Angels GM Jerry Dipoto Resigns
By Andrew Petrucci
Don’t forget to hand in your parking pass on the way out.
With the friction between Jerry Dipoto and the Angels coaching staff growing this past week, we see the first casualty. Just as the Angels were taking care of business on the field, winning a big game against the Yankees, GM Jerry Dipoto was packing up his office. I’m not a huge believer in karma, but you can’t tell me that the Angels winning 2-1 last night while Dipoto was stepping down isn’t a good sign.
What sparked the tension between Dipoto and Scioscia?
As I said in previous posts before, this Angels season has felt like a volcano waiting to erupt in one way or another. And it was proven to be true. The front office and clubhouse kept tensions in house as much as they could, until it became an enormous problem.
The rift between Dipoto and Scioscia started early in 2012 when Dipoto criticized the way Scioscia was handling scouting information & analytical data. In 2013 it really became a problem, after Dipoto spent a ton of money on free agents such as: Josh Hamilton, Tommy Hanson, Ryan Madson, Sean Burnett, and Joe Blanton. None of the signings proved to work and the Angels finished 18 games back that year. This past season tensions rose once again when Josh Hamilton relapsed and was ultimately traded for nothing to division rival Texas Rangers. Between the front office and coaching staff there were a ton of heated meetings regarding the handling of the troubled slugger. But just this week it was the final straw when Dipoto criticized Scioscia and the coaching staff again, saying they weren’t working hard or providing players with correct scouting information.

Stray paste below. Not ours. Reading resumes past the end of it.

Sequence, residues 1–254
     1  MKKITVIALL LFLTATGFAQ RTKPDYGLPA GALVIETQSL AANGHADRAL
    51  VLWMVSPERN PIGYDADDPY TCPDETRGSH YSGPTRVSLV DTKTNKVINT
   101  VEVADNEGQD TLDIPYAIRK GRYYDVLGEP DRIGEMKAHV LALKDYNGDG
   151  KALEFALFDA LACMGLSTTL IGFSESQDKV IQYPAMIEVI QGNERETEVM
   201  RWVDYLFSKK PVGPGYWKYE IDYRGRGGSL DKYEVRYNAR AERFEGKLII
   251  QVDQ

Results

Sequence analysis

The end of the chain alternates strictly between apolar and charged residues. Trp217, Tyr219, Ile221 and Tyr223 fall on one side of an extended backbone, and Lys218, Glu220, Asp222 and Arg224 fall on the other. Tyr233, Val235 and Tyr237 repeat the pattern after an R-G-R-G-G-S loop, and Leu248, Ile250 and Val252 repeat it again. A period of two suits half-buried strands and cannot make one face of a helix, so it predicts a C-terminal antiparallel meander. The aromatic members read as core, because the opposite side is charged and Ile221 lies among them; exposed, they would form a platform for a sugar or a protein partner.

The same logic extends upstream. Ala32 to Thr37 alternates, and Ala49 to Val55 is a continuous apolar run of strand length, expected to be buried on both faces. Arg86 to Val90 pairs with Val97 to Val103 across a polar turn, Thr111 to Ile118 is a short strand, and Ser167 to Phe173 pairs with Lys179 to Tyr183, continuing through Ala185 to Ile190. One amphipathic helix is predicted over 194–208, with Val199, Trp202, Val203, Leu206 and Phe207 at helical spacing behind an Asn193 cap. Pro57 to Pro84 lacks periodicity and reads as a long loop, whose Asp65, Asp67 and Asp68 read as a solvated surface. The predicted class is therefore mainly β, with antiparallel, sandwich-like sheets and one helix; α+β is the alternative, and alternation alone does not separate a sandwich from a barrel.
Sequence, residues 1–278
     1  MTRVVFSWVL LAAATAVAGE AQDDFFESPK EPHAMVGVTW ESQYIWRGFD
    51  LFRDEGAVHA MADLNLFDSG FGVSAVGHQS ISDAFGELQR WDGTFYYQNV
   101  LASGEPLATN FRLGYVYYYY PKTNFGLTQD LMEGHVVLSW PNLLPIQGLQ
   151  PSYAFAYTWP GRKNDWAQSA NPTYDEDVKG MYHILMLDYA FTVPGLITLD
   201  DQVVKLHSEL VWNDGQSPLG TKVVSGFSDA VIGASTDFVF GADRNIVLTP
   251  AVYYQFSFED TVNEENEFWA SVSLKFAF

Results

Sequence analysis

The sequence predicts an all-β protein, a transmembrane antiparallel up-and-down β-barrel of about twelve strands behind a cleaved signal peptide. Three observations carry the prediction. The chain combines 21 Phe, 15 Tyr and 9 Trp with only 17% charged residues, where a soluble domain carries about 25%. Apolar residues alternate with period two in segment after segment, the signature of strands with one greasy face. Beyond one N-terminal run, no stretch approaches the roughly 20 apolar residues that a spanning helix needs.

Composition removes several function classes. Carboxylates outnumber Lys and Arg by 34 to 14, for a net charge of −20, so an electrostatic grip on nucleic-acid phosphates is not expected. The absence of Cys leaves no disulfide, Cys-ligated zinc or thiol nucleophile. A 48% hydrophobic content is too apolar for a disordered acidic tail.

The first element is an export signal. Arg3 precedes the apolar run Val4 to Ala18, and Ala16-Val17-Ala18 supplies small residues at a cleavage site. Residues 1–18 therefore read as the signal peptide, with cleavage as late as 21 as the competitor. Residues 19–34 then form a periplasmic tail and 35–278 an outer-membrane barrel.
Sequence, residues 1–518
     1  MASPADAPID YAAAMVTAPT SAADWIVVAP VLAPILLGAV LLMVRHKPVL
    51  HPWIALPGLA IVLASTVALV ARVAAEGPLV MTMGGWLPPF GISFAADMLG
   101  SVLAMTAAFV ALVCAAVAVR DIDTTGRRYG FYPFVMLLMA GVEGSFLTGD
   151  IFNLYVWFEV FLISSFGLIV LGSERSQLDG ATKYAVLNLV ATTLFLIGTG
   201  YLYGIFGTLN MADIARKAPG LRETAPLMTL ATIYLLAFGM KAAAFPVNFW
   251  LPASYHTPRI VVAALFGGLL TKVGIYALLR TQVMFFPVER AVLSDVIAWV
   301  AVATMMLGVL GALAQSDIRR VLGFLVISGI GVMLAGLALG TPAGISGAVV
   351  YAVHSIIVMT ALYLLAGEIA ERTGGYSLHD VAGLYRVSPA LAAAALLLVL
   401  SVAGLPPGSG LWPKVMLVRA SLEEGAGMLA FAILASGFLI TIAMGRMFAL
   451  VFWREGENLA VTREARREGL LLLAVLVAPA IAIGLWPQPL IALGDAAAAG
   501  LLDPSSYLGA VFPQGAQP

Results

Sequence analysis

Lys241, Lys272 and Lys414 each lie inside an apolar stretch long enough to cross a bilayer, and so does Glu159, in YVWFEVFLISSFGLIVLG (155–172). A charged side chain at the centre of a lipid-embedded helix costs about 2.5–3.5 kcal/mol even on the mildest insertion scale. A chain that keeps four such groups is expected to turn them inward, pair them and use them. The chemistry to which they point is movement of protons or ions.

. Mandatory Credit: Matt Kartozian-USA TODAY Sports
Whatever happens behind closed doors is between the front office and the coaching staff, so we can only speculate. But when well-respected veteran players like Albert Pujols immediately fire back at the GM and take the coaches side, it is pretty telling of the environment.
What does the future hold?
Ultimately, the tension between Dipoto and Scioscia was an underlying problem for years. And for the benefit of the team, one of them had to go. With another half of the season still left to play this is the perfect time to make a change. The problem with Dipoto was his lack of a resume compared to Mike Scioscia. Listen if Jerry Dipoto was a Brian Cashman or any other front office executive with championship history his criticism would be welcomed with open arms. But he’s not.
For as bad as Scioscia has looked this season and other times throughout his tenure with the Halos, he still has a championship in Anaheim. For that reason, owner Arte Moreno ultimately took his side over Dipoto. Which is the smart move. But it still doesn’t mask the fact that Mike Scioscia is a thick headed, old school manager, that has been extremely difficult to work with for everyone in the front office. His ability to manipulate and essentially act almost like the GM these past few years is unfortunately impressive. Ideally, Arte Moreno would have waited until the offseason and fired both Dipoto & Scioscia.
If you think Scioscia will be gone this season, you are sorely mistaken. Will Scioscia be with the Angels next year? Probably not. As of right now, this season, he is too vital to this club and their goal of winning a World Series. His style of play has been proven to work. Albeit once in the past 15 years, it still counts. And according to Pujols, he still has the backing from players in the clubhouse.
Dipoto stepping down is the ultimate move of where he stood in this organization. He lacked the respect and resume to succeed in a big market like LA, because of this he should have kept his mouth shut and made the team better. Justify it however you want, but the main reason for the Angels early season struggles is due to the roster and the roster was Jerry Dipoto’s responsibility.